Atlantic Wall to repair bomb damage in the Ruhr.
British planners in July 1942 expected that the system would be free of jamming
for little more than a month but to their surprise eighteen months would elapse
before it was seriously impaired. The
Germans had falsely identified OBOE used
to control the British version of E-boats.
By then, the British had developed a Mk2 version of OBOE jointly with American teams and this extended its life beyond
‘D’ Day. However, the OBOE
equipped Mosquito loss rate proved to be very small at less than one quarter per
cent. The Germans remained mystified by the high level attacks of
the OBOE equipped Mosquitos and were
unable to shoot one down to examine the radar equipment. They were able to
deduce the wavelength of the OBOE system and were considering methods of jamming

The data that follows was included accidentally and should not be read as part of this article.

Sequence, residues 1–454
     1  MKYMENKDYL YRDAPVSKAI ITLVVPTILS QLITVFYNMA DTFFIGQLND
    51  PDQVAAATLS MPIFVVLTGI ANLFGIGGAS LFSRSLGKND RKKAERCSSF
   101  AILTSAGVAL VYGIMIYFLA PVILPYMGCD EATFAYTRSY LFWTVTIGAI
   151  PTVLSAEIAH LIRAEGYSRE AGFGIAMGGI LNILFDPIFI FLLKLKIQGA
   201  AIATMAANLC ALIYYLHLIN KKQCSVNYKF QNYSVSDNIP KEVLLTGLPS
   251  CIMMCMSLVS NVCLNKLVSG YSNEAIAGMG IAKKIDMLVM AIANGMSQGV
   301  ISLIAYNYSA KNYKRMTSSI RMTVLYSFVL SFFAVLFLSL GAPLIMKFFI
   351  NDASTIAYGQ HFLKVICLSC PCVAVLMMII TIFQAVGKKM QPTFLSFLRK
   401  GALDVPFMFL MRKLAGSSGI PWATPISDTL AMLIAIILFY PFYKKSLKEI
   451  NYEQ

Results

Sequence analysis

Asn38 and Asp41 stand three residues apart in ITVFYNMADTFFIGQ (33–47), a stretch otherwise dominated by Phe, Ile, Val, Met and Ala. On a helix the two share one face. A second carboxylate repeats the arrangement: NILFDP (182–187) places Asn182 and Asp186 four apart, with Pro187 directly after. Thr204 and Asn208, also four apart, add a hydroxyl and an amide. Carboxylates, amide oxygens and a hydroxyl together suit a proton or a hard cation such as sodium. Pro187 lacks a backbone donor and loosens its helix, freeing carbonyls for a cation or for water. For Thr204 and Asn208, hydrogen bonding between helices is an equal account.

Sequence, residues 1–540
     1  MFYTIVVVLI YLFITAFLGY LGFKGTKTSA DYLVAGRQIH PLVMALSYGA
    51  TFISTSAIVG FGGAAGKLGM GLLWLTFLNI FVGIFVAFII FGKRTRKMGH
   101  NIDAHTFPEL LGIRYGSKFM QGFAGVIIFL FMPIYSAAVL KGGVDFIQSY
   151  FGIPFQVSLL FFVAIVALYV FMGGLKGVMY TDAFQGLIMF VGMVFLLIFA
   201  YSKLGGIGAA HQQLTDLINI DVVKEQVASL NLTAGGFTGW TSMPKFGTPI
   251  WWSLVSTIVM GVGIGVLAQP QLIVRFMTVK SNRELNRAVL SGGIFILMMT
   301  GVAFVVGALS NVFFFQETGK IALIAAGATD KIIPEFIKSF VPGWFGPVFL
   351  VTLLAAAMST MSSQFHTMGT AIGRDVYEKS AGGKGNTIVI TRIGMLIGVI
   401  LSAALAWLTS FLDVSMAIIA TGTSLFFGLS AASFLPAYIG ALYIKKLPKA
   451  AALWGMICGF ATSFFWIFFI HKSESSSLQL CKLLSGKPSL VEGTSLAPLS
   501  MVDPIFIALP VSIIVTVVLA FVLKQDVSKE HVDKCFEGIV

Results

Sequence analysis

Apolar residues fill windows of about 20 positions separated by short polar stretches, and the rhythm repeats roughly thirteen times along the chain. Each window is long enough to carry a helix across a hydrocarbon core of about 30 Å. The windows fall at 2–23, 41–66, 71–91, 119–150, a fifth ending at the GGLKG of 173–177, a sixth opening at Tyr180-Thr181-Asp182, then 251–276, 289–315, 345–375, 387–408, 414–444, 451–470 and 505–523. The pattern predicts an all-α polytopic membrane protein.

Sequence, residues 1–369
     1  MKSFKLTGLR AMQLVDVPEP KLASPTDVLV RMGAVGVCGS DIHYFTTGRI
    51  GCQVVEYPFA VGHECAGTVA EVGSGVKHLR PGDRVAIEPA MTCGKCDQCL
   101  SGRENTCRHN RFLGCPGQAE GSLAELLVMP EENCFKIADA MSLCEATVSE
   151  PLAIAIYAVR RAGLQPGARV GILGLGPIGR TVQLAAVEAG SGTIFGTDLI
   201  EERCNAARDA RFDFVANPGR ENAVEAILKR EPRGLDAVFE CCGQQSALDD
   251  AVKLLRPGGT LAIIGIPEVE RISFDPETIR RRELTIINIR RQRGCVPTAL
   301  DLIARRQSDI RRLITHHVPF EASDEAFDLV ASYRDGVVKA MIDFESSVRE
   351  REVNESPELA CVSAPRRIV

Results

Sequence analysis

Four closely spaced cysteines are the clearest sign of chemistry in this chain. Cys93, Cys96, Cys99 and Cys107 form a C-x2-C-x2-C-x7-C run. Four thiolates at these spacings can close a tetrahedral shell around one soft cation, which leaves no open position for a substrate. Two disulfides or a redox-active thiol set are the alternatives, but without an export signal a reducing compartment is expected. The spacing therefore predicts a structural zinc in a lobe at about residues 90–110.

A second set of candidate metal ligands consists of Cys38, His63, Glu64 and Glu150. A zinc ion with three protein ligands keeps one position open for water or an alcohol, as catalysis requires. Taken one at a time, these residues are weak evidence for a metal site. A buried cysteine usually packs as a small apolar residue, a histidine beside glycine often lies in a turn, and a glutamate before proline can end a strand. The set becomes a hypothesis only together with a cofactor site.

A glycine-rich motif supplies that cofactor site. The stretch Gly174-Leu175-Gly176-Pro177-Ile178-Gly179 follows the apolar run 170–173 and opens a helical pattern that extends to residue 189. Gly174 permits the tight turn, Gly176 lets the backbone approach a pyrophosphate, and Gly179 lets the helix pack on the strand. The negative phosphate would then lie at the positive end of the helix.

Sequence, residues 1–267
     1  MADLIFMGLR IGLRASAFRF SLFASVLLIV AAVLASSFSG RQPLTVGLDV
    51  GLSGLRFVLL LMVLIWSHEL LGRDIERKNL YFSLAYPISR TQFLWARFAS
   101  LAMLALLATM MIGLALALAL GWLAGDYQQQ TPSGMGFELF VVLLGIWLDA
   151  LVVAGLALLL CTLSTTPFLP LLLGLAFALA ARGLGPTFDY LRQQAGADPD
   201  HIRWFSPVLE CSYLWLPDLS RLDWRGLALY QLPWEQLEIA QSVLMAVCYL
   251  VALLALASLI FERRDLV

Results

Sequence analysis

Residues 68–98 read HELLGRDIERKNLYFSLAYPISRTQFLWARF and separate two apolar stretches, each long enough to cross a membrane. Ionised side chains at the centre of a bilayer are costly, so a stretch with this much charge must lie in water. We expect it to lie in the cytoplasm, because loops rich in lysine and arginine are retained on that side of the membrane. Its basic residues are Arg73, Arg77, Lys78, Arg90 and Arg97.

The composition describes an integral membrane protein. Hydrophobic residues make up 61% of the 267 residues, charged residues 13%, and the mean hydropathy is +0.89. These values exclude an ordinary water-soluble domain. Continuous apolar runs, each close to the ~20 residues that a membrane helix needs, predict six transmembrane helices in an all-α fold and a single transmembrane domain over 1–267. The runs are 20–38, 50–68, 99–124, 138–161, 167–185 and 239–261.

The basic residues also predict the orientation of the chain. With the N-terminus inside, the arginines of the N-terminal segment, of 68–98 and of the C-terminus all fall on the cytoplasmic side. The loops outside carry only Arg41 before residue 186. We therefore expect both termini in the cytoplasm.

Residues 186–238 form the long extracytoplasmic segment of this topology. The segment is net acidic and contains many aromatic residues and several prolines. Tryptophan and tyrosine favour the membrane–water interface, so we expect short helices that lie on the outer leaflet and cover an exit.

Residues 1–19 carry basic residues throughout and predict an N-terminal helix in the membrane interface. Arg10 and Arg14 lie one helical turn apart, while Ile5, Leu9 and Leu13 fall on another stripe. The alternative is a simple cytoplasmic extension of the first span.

it. Their radar experts had,
however, come to the conclusion that the RAF had alternative wavelengths
available which would have precluded jamming.
the Luftwaffe were able to plot the Mosquitos using OBOE, with a radar system given the name of ‘Flammen’. It was
some months before British intelligence could link the Flammen plots with the
use of OBOE. Later the Germans did
find a method of jamming which entailed a sweep of the frequencies used for OBOE.
This led to a complete failure of a raid on Rheinhausen which in turn
lead to the RAF bringing into service OBOE
Mk ll and a Mk lll which worked on the centimetre bands. OBOE Mk 1 continued to be used as a camouflage for the other marks
of OBOE. As the Allied armies advanced
across Europe mobile OBOE transmitters followed in their wake.
war ended the Germans did have some success in jamming all marks of OBOE
but by then its job had been completed.
interwoven with both OBOE and H2S
was the story of WINDOW and its German
equivalent DUPPEL. This will be the subject of a later article.
was introduced at approximately the same time as OBOE.
It was originally known as ‘BN’
for blind navigation. Since
these latter initials indicated the potential use for this radar system a name